We use batteries constantly. You are probably using one right now. As technology has exponentially increased over the last few decades, we have seen battery technology result in more and more power packed into smaller and smaller compartments. But how much do you know about the batteries you are using right now? Probably not a whole lot. Maybe you remember the phrase “lithium ion” being thrown around in a television commercial, but that’s probably it. When it comes to your laptop, wall clock, or cellphone, being ignorant of the batteries you’re using may result in a few inconveniences, but it’s hardly a life or death situation. But what about when it is? What about the batteries used in medical devices? That is the definition of a life or death scenario, so we are going to do our best to give you the inside scoop. Here are the three most common batteries used in medical aid devices.
1) Zinc-Air Battery
Zince-Air batteries are electro-chemical batteries powered by oxidizing zinc with oxygen from the air. These are relatively cheap to produce and contain extremely high energy densities. The sizes made range from tiny button cells for hearing aids, larger batteries used in film cameras that previously employed mercury batteries, to rather large batteries used for electric vehicle propulsion. Basically, these are your vintage camera and hearing aid batteries. The became a primary, replacement for mercury zinc-oxide batteries after such batteries were effectively banned by Congressional legislation in 1996. While zinc-air batteries do not last nearly as long as their mercury counterparts, they can be made to fit into the same equipment that had previously used the mercury batteries, cementing their status as the primary replacement. Zinc-air batteries have a long shelf life, as much as three years, if sealed in airtight packaging. Once opened, however, the air is a natural part of the oxidizing process, and the batteries discharge rather quickly. If you purchase Redding hearing aid batteries, these are probably what you’re getting.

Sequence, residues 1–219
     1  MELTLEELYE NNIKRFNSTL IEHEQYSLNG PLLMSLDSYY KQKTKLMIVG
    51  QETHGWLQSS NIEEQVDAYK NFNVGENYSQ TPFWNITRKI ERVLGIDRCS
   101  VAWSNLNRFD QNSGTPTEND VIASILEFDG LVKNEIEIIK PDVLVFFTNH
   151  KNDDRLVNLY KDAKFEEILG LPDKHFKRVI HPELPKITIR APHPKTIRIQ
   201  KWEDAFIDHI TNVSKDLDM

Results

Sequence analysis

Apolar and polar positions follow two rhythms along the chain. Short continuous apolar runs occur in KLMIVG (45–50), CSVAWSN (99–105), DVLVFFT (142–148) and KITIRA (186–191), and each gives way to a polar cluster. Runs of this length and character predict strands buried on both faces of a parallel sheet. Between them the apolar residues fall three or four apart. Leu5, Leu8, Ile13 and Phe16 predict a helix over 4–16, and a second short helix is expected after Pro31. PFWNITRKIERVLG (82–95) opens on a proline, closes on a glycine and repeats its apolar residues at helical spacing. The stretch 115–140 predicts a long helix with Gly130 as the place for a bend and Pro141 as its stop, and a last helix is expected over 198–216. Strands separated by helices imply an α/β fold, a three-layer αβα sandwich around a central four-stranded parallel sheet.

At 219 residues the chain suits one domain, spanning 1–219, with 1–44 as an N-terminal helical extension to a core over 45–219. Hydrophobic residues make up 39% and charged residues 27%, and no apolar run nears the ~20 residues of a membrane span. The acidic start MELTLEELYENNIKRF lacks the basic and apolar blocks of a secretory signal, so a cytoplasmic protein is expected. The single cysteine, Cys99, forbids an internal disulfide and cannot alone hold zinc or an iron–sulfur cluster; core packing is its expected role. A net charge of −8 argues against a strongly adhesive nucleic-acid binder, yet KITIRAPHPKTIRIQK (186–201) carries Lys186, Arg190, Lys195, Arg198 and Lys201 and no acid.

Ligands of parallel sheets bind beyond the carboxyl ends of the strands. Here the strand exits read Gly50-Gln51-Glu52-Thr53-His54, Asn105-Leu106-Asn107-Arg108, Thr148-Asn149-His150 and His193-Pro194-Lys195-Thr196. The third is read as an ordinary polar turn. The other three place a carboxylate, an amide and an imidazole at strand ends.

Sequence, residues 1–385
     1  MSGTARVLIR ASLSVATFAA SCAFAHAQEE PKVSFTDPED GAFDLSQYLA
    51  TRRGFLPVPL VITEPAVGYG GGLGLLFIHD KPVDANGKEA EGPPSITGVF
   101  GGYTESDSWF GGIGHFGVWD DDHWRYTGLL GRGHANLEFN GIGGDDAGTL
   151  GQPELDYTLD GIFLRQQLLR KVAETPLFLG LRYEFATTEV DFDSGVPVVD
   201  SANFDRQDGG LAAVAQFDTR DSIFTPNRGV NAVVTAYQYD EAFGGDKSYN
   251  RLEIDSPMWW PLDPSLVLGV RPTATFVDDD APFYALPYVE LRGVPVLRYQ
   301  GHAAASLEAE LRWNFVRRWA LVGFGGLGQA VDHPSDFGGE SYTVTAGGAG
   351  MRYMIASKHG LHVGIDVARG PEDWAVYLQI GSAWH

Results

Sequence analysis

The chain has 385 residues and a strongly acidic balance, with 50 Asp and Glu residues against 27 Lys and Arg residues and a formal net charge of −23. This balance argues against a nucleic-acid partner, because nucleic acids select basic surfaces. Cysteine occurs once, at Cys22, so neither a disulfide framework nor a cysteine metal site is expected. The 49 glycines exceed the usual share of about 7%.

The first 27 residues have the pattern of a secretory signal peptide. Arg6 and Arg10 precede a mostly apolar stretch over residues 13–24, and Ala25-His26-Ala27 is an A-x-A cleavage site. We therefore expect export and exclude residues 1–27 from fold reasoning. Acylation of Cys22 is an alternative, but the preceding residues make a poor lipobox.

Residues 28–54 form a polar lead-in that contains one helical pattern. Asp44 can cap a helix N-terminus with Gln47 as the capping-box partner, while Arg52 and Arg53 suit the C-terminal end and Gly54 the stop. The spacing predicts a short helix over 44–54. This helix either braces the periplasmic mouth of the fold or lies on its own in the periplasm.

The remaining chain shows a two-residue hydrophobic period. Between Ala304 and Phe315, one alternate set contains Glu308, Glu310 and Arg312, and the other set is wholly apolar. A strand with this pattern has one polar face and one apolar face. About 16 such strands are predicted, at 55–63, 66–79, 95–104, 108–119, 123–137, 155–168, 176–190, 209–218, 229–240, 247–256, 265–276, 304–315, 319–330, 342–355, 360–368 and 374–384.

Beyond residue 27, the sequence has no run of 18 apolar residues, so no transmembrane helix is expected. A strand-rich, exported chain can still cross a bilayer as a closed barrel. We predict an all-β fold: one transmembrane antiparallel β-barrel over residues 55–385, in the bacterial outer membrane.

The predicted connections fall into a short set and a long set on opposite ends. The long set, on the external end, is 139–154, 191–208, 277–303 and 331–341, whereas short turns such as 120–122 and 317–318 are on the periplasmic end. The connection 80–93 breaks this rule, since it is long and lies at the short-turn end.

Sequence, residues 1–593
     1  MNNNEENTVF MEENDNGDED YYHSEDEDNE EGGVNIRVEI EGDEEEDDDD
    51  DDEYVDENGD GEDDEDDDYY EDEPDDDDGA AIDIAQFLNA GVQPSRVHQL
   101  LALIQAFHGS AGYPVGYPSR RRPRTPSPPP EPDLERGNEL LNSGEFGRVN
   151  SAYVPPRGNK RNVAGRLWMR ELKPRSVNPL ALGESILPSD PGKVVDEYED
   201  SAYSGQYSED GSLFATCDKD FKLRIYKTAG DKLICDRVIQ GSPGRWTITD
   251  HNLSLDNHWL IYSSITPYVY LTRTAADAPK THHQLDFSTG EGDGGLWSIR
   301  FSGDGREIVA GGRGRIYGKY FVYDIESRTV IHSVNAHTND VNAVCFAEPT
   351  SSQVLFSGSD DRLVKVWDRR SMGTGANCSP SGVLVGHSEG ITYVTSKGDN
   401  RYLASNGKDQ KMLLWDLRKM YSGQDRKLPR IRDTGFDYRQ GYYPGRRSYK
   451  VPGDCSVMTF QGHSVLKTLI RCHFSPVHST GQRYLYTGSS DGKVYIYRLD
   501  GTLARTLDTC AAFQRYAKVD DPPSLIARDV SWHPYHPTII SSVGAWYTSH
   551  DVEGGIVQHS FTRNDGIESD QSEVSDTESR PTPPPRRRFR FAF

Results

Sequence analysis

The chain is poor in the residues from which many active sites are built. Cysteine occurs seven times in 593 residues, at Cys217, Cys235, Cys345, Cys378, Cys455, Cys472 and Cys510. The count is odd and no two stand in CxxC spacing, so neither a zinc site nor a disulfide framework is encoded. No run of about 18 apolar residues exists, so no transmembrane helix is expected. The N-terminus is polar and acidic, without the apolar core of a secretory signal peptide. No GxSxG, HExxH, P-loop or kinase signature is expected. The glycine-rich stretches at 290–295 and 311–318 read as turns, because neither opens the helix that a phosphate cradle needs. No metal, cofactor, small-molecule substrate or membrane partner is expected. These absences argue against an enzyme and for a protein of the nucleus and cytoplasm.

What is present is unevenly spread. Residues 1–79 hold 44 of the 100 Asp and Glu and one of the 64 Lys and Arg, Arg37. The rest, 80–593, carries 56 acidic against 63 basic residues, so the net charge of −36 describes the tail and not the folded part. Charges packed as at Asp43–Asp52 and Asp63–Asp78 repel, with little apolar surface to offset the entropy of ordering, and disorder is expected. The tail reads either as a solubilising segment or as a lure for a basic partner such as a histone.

2) Lithium-Iodide Battery
Lithium-Iodide batteries are disposable batteries that use lithium as an anode. They are the new industry standard for medical devices and are characterized by long charge life and high cost per unit. Also referred to simply as Lithium batteries, these batteries are the number one choice for long-life devices such as pacemakers and virtually any other modern medical device. Lithium batteries can be specialized to last reliably for more than 15 years but are also quite expensive.
Nickel-Cadmium batteries, also known as NiCad batteries, are a century-old technology also on it’s way out. They were invented in 1898, and were once popularly used in portable power tools, photography equipment, flashlights, emergency lighting, and portable electronic devices. However, the superior capacity and lower cost of Nickel-metal hydride batteries has served to make them obsolete in some areas. Additionally, the environmental impact of the disposing the battery’s heavy metal cadmium has resulted in legislation reducing its use. Within the European Union, they can now only be supplied for certain types of new equipment, such as medical devices, or as replacement batteries for critical equipment that cannot use any other type.